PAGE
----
Marble will analyze Iowa-Illinois game for BTN

Jan. 30, 2009

IOWA CITY, Iowa — In a bizarre way, Roy Marble feels like he has traveled back in time to the fall of 1985 when he was a freshman at the University of Iowa. Then he was prepared for the eventual task at hand — but a bit apprehensive — entering the unknown of college and the rigors of Big Ten Conference basketball.

Such is the case today, as Marble embarks on a new chapter in his professional career. Marble, along with former rival Kendall Gill from the University of Illinois, will analyze the Iowa-Illinois men’s basketball game for the Big Ten Network on Sunday, Feb. 1, beginning at 1:05 p.m., from Assembly Hall in Champaign, Ill.

“The Big Ten Network is testing me out and this is kind of an audition,” Marble said. “It’s going to be sink-or-swim. In a way, it’s no different than starting your college career as a freshman.”

“We have a stable of talented analysts and our main priority is that they know the Big Ten,” said Elizabeth Conlisk, vice president of communications for the Big Ten Network. “Certainly Roy falls into that category. We’re excited to have him.”

Marble is the only Hawkeye to score more than 2,000 points in a career. His four-year total of 2,116 is 337 more than Acie Earl, who is second on the all-time list with 1,779. Marble was a three-time team most valuable player and from 1985-89, Iowa compiled a record of 97-37, advancing to the NCAA Tournament four times. In 1986-87, the Hawkeyes went 30-5 and won three postseason games before falling to Nevada-Las Vegas, 84-81, in the Elite Eight.

“I benefitted from being a Hawkeye,” Marble said. “Having that Iowa degree gives you a special look and I’m proud of that.”

Marble, a native of Flint, Mich., received a bachelor’s degree in communications from the UI and he used that to work in marketing for Miller Brewing Company, Bristol-Myers Squibb and Johnson Brothers. He also opened two businesses in Cedar Rapids — Citystyle Clothing and Legends night club. Both, however, were casualties of the Flood of 2008.

A gem in George Raveling’s 1985 recruiting class that also included B.J. Armstrong, Les Jepsen, Ed Horton and Kevin Gamble, Marble was named Big Ten Freshman of the Year in 1986. He played his final three seasons for Tom Davis. When Marble was looking for guidance on whether to accept the challenge with the Big Ten Network, he dialed Armstrong and Davis.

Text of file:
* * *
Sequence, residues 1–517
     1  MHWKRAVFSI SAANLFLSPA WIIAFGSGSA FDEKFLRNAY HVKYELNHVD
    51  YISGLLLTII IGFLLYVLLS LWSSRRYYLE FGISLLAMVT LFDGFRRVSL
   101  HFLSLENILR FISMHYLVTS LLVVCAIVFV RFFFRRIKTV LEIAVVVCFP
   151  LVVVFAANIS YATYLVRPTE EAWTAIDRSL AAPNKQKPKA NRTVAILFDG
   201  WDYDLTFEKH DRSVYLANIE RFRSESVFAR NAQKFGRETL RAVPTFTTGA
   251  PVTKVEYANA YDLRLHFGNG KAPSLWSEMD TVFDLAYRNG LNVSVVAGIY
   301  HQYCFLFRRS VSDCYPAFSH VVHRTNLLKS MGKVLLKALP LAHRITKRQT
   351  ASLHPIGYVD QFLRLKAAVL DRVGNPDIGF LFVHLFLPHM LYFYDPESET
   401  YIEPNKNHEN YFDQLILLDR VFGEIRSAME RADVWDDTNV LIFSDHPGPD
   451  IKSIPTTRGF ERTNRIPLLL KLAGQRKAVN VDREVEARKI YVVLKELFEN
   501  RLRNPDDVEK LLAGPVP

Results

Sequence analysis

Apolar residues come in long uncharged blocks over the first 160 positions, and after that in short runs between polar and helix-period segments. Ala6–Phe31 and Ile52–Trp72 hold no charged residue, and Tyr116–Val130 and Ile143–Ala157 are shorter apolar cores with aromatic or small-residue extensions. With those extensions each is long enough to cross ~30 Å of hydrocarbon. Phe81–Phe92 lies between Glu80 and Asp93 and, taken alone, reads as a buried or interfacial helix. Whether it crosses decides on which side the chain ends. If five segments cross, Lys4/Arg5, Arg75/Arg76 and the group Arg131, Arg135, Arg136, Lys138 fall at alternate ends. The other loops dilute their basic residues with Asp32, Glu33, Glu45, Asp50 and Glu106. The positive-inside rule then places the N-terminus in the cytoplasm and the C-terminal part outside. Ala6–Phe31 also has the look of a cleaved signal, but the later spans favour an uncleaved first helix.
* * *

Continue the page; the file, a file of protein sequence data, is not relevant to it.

“I benefitted from being a Hawkeye. Having that Iowa degree gives you a special look and I’m proud of that.”
Former Hawkeye star
Roy Marble

“I pretty-much went to my basketball-playing family,” Marble said. “When I felt I needed to talk to someone, I called Coach Davis. It was one of the most pleasant conversations, and he gave me full confidence that I could do this, so I’m definitely going after it. I also got back in touch with B.J. Our lives hadn’t crossed much lately.”

Marble was selected in the first round (23rd pick overall) of the 1989 NBA draft by the Atlanta Hawks. He also played briefly for the Denver Nuggets. Now Marble is ready to observe and dissect Big Ten games, rather than dominate them like he did in the late 1980s.

“I’m 42 years old and I don’t move as fast anymore,” Marble said. “I leave the dunking to my son (Roy Marble, Jr., a junior phenom at Southfield-Lathrup High School in Michigan). This will be a lot of fun and it will be my first time on center stage on television. I need to be a teacher and speak about the athletic-side of the game.”

It will seem like Reunion Week for Marble, who watched the Iowa-Michigan State game on Jan. 29 from a courtside seat behind the Hawkeye bench. It was his first time back in Carver-Hawkeye Arena in more than three years.

“I will be getting my feet wet (with the Big Ten Network), but I feel at home with it because I’m a Hawkeye fan and we’re talking about the Black and Gold here,” Marble said. “I like to watch Iowa’s games whenever I can.”

“That’s an added plus that Roy’s from the University of Iowa,” Conlisk said. “We know the fans like that.”

Marble will be teamed on television with former nemesis Gill, who suited up for the Fighting Illini from 1986-90. The Hawkeyes won 4 of 6 of the classic Marble-Gill meetings, but the Illini won the finale, 118-94, on March 8, 1989, in Champaign — a game where Marble poured in a career-high 37 points.

“We cherished those battles,” Marble said. “We all understood that if there were no Illinois or Iowa’s at the time, it wouldn’t have been college basketball. That last game was a rah-rah type of game. I always liked that gym.”

Today Marble and Gill remain joined because of basketball. Together, they scored more than 3,500 collegiate points. Broadcasting that many games would be quite an undertaking.